LIBRA HOROSCOPE (from astrology.com): Let your creative energy lead the way today — you’ve got fewer limits than you think! See what’s possible by trying, rather than worrying, and you may find yourself in a brand new position by tomorrow.
How much time should you put into preparing for a job interview? I’m guessing it’s somewhere between less than a week and, well, more than thirty seconds while waiting for the light to change on the corner of Broadway and Cambie. Guess which end of the spectrum I was on.
Yeah, I was sitting at home with Tupper curled up on my lap watching “The View”, empathizing with poor Dame Edna with nothing to say as the others ranted on American healthcare and wondering how many people didn’t realize it wasn’t Barbara Walters, when my cell rang.
“What are you doing right now?”
“Nothing.” Even with Tamara, I wasn’t about to confess to watching “The View”.
“Well, get over here. One of the partners says he’ll interview you for the assistant position. But you gotta get here in twenty minutes. He’s in meetings the rest of the day.”
With traffic, I was fifteen minutes away. Thankfully, I’d showered after my morning jog, but that left me with five minutes to tame my hair and pick out the “professional” outfit least in need of ironing. Forget the makeup. I rushed to the car, muttering hateful thoughts about Tamara. Maybe she still didn’t want me work at the firm after all.
A friendly receptionist escorted me right into Barry Lisduff’s office. “He’ll be with you in just a moment.” I stood in front of a framed photograph of an impossibly green pastoral setting, using the reflection in the glass as an aid for a collar adjustment and a final battle with a defiant tuft just above my left ear.
“Have you been?”
I turned and there stood a smiling, portly, balding man in his late thirties. His forehead glistened from the overhead lighting. Florescent? It didn’t seem fitting for a trendy advertising firm. But then neither did the image of Barry Lisduff. I needn’t have worried about ironing. He appeared to have been sleeping in his striped Hilfiger for at least the last four days.
“Been where?” I asked as I forced a congenial look. Never did tame the tuft.
“Ireland. Snapped that a half hour outside of Cork. Lovely place.”
“It looks amazing.” I cringed. Amazing. This was an ad firm. Was that the best I could come up with? Hadn’t I made fun of Ellen DeGeneres’ critiques on “Idol” for overusing the imprecise word as praise? Perhaps watching TV is indeed bad for you. (Horrid thought, no?)
After official introductions, we assumed our seats and Barry began his stream of consciousness interview. He’d say a word and ask for my first thought. Shoelaces: the bane of preschoolers and joggers alike. Rain: Vancouver plays the yang to Southern California’s yin. Justin Bieber: a live version of Alvin the Chipmunk. Bowling: who still does that? those shoes?! Sledge hockey: grit, guts, no glory for Canada. He shot out two dozen terms. I got the point. He was trying to determine if I could think on my feet and if I was up on current Pop Culture. It was an adrenaline rush of an interview, sort of like Password for Hire. I appreciated the quick succession of terms being thrown at me; it prevented me from beating myself up for a poor response. (I really don’t know how “hunky” slipped out when he said David Hasselhoff. Had I meant to say “hairy”?)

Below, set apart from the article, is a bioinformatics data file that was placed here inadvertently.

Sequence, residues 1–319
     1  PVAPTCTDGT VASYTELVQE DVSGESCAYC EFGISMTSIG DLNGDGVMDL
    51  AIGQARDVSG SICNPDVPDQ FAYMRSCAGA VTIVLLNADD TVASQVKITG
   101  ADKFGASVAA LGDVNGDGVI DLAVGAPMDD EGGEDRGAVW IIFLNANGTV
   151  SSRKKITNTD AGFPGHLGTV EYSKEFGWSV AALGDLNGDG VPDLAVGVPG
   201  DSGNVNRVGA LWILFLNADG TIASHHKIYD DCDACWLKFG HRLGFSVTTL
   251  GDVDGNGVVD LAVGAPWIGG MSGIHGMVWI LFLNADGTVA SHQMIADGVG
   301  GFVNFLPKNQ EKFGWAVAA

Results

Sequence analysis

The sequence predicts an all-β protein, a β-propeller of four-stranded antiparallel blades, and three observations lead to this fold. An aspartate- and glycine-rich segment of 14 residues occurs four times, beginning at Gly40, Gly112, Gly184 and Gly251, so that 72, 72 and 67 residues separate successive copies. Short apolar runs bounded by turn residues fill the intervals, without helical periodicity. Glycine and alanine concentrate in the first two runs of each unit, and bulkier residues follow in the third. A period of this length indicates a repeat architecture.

He paused, glanced at my résumé on his desk, took a sip from his coffee mug. In my head, I tried to formulate a response for “Why do you want to get into advertising?” He was bound to ask.
Barry Lisduff stared quizzically at me. Was my renegade patch of hair bothering him? I continued to smile under the pressure. Then he glanced at his watch, looked back at me and said, “Job’s yours. Can you start tomorrow?”
I bounced up off my chair. Thank God for the massive desk in between us or I would have hugged him. After two rounds of my saying, “Really?!” and him nodding, I accepted.
Tamara was in a meeting so I couldn’t immediately share the news with her. Driving home, it all seemed too good to be true. How did I pull that off? What about other candidates? What about my lack of training? What about what others in the firm were looking for?
What the hell was I getting myself into?
GOT THE CALL FROM DENTON @ 5:30 LAST NITE, JUST AS I WAS HEADING OUT FOR MY WEEKLY RUN W/THE LADIES.
“I GOT YOU 5 WEEKS OF VACATION TIME AND 3 MONTHS’ SEVERANCE. CONSIDERING YOU WERE DRUNK ON THE JOB, THAT’S A COUP.”
“MAN, THAT’S AMAZING!” I SAID. “I OWE YOU, MAN.”
“DAMN RIGHT. YOU’RE TAKING ME TO LA TERRAZZA FOR DINNER NEXT WEEK. AND I’M DRINKING. YOU, I MIGHT ADVISE AGAINST IT.”
WHAT A LOAD OFF. I WAS SO PSYCHED, I SWEAR IT AFFECTED MY RUN. I KEPT UP W/THE MIDDLE PACK, WOMEN IN THEIR FORTIES (& A 23 YR OLD COMING OFF KNEE SURGERY). TOTALLY ROCKED IT!
THE SEVERANCE, THE RUN, THE CANUCKS’ WIN,…I’VE GOT A WHOLE NEW MINDSET TODAY. TWEAKED OUR BUSINESS PLAN, READ SOME INTERNET ARTICLES ON BEING A WINNING (aka WEALTHY) REAL ESTATE AGENT & THEN DROVE OVER TO LOOK @ OUR FUTURE REAL ESTATE OFFICE B/F CRUISING THRU THE DUNBAR NEIGHBOURHOOD & THE POSH POCKETS CLOSER TO UBC. SO MANY GORGEOUS HOMES, SO MUCH $$ TO BE HAD. MAN, I CAN DO THIS. MARTY & I CAN EFFIN’ DO THIS.
RE/MAX, WATCH YOUR BACK!